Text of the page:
The Special General Body Meeting called to amend the Articles of Association to accommodate 50 government nominees as members will be held on Wednesday. The overwhelming vote will be to defeat the resolution. This fact has also been conceded by the Chairman of the Club Harimohan Naidu who has said that in the event of the resolution not going through, the club is ready with its Plan B of going to court for remedy within a day or two. Ironically, the principal respondent from the government side is the Finance Secretary who also happens to be the Director of the Club. Will the Director of the Club endorse a suit against himself?
The whole exercise is full of contradictions because the Chairman of the Club is endorsed by the government and will he go against the body which nominated him? The writ petition will be against the government with the main respondent being the Additional Chief Secretary and Finance Secretary I S N Prasad who also happens to be the Director of BTC by virtue of his position in office. Can the Director be endorsing a suit against himself? In the event of the legal battle becoming inevitable, will the Chairman of the Club resign along with the government nominees because their position becomes untenable? The Police Commissioner of the City and two other members of BTC Vivekananda and U B Venkatesh are on the board of directors. Will they go against the government and still be part of the board?
These are questions that remain to be answered on the eve of the Special General Body Meeting of the turf club. Racing activities have come to a standstill since September 1 and the focus of attention of all racegoers in the country is on the meeting. Racing enthusiasts and stakeholders are fervently hoping against hope for members to see the writing on the wall and act in the best interest of the sport.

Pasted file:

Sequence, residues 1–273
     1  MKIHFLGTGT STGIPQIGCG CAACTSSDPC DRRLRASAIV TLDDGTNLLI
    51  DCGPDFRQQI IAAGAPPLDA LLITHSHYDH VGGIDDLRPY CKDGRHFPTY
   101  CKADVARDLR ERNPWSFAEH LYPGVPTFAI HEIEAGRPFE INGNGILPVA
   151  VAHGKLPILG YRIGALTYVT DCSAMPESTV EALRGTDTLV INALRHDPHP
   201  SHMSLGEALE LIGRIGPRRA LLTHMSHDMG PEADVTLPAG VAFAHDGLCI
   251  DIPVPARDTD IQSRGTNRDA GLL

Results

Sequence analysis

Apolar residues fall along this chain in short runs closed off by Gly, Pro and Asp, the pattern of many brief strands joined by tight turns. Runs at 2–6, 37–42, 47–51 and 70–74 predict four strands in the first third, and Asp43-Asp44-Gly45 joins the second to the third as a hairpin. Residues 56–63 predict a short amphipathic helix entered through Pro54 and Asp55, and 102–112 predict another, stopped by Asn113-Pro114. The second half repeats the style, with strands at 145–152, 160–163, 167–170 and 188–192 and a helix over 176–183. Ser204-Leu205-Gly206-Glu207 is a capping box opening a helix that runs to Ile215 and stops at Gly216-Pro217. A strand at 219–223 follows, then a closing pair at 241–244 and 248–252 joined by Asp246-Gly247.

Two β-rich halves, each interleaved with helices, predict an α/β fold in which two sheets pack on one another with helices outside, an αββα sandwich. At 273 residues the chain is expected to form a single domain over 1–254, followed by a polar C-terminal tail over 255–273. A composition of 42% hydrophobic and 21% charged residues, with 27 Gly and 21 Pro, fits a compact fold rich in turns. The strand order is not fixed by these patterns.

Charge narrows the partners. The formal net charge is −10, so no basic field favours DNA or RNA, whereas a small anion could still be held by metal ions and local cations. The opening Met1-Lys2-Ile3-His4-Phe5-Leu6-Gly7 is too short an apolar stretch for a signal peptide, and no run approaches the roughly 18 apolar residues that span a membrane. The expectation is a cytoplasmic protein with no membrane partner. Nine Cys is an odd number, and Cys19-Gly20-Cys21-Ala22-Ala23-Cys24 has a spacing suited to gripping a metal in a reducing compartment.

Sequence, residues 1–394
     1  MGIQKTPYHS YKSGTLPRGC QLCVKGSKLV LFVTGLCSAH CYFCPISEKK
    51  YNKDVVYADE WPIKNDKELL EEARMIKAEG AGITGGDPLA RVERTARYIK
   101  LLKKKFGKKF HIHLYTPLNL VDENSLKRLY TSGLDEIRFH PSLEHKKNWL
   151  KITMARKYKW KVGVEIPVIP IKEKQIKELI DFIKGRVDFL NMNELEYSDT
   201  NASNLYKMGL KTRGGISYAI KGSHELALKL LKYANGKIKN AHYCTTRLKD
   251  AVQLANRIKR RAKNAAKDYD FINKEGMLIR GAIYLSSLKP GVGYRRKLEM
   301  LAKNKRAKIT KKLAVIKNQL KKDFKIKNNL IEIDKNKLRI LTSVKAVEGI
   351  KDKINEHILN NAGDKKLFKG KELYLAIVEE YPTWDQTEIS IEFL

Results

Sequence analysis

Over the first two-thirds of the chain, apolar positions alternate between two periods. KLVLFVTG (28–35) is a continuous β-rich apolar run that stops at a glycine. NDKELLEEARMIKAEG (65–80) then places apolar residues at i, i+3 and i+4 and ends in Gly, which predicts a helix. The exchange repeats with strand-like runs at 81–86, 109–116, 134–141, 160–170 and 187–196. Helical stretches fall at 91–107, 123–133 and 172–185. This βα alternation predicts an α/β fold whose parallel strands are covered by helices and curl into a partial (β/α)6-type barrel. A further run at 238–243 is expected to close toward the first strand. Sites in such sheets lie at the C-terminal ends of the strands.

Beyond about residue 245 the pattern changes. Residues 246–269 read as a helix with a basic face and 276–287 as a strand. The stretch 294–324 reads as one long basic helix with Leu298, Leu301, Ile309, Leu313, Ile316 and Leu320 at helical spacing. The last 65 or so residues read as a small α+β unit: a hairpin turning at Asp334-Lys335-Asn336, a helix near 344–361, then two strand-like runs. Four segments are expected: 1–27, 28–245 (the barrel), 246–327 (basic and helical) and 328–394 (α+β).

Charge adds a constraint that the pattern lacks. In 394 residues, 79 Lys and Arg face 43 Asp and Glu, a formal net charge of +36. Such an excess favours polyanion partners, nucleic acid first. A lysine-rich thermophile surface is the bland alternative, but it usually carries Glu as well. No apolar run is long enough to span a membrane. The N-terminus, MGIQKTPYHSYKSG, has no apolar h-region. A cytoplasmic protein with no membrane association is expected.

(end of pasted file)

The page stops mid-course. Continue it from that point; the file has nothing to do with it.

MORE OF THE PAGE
The last committee moved a resolution to increase the membership by 150 and the entire committee resigned when it became obvious that the resolution would be defeated. The previous committee had taken the step without following a technicality of seeking government clearance for the same. The present committee has taken the permission of the government and then not made any effort to ensure that the resolution is passed. Under such circumstances, the defeat of the resolution would be like passing a no-confidence motion against the committee for seeking government permission for expansion when such a proposal was not acceptable to the majority.
The decision to go to the court must be taken by the committee if this is the direction they get from the general body. However, the board must meet and then decide on the writ. For this, all the Directors of the club are expected to be present. Will the government nominees abstain from the meeting or attend the same? Will they remain as Directors once the case is filed because one of them will be the principal respondents against whom the case is being filed? Your answer is as good as mine, but the contradiction is very apparent. The last committee was faulted for going against the government endorsed chairman. And thus, the onus will be on the present endorsed chairman also to toe the government line or quit if he is not able to enforce the government mandate.
The Bangalore Turf Club members have the most violent tool which is the vote and they are determined to vote for the disruption of racing. The turf club members, by decisively voting against the resolution to give 50 memberships to government nominees will be embarking on a course of self-destruction besides causing untold hardship to the race-horse owners, professionals and others dependent on the racing activity for their survival. The cost of legal battle is enormous both financially or otherwise.